The New York State Assembly easily approved a law legalizing medical marijuana last Tuesday, and there appear to be enough votes to pass similar legislation in the State Senate if that chamber’s leaders agree to allow a vote. They ought to do so before the legislative session ends on June 19. The bills would make the drug available, under tight regulation, to patients who, in many cases, do not get relief from other medications.
The Assembly bill, passed on a 91-to-34 vote, would allow the possession and use of up to two and a half ounces of marijuana by patients certified as seriously ill. It would permit dispensaries to deliver the drug to registered users and their caregivers in a system designed to prevent abuse or illegal uses of the drug.
A Senate version of the measure, sponsored by Diane Savino, a Staten Island Democrat, was recently approved by the Senate Health Committee. It bans homegrown marijuana and allows up to 20 manufacturers to grow marijuana indoors under tight security to prevent diversion to illegal uses. It lists 20 specific conditions, including cancer and AIDS, that would be eligible for treatment with medical marijuana, and it requires that prescriptions be written by doctors, physician assistants or nurse practitioners who certify that the patient has a serious condition, will be under their care and will likely benefit from medical marijuana. It also prohibits the smoking of medical marijuana by anyone under 21, although the drug could be prescribed to younger patients in other forms, such as edible products infused with marijuana.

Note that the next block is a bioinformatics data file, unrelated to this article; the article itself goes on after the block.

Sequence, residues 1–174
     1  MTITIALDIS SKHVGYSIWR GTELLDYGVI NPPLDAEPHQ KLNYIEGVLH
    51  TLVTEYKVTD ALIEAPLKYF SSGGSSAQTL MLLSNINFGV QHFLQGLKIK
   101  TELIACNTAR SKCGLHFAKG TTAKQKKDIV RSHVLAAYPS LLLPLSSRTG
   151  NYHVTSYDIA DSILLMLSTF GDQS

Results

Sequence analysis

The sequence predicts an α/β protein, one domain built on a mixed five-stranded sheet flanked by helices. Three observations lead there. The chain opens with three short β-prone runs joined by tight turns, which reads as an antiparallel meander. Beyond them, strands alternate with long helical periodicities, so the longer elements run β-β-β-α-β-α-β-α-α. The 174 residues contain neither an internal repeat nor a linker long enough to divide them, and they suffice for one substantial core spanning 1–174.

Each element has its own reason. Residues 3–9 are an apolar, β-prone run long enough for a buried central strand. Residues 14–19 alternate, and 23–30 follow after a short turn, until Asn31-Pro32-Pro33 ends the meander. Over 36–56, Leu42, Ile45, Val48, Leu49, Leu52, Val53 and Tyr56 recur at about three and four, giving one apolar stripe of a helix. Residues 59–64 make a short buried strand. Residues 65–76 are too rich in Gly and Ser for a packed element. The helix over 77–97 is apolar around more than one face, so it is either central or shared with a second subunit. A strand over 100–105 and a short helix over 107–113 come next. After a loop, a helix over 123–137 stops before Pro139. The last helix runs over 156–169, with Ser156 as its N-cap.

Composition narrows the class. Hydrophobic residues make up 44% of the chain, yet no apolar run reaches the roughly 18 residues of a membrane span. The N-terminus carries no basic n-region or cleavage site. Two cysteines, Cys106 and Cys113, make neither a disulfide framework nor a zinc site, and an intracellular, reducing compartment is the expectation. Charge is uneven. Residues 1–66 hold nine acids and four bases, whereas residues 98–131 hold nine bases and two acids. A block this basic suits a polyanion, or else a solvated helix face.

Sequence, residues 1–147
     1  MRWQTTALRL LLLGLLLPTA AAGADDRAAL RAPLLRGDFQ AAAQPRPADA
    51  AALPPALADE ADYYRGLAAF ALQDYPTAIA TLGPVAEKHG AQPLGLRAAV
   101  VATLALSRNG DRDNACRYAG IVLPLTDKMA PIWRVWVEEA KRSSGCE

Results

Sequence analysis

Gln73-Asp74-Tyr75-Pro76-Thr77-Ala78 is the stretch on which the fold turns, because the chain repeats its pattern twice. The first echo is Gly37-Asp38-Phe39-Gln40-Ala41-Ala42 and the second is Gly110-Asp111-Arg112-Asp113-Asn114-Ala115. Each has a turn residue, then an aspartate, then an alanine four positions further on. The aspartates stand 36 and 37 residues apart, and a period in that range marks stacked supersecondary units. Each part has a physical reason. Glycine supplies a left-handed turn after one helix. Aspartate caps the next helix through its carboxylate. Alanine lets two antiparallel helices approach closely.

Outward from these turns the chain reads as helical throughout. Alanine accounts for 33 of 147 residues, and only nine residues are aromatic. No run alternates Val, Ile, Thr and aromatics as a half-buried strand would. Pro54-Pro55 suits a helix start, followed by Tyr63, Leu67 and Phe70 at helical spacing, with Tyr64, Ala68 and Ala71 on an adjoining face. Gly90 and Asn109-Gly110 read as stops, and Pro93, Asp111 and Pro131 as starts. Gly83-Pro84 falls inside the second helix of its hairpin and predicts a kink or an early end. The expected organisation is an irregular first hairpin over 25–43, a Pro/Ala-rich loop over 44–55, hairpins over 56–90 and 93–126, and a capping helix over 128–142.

Critics of the bills have expressed concern that smoking marijuana, which has not been approved by the Food and Drug Administration, may carry health hazards. Some have also suggested that the Legislature wait for the results of a more limited pilot program announced by Gov. Andrew Cuomo in January. That plan would restrict distribution to 20 hospitals and use strains of marijuana that might not be best for many patients.
The next hurdle is the Senate Finance Committee, where prospects are uncertain. Ms. Savino says 39 senators have told her they will vote for her bill if it reaches the floor, more than the 32 votes needed for passage. The bill has wide support from medical groups and patient advocates, and polls show that a large majority of New Yorkers support medical marijuana. It is time for Senate leaders to allow a vote.
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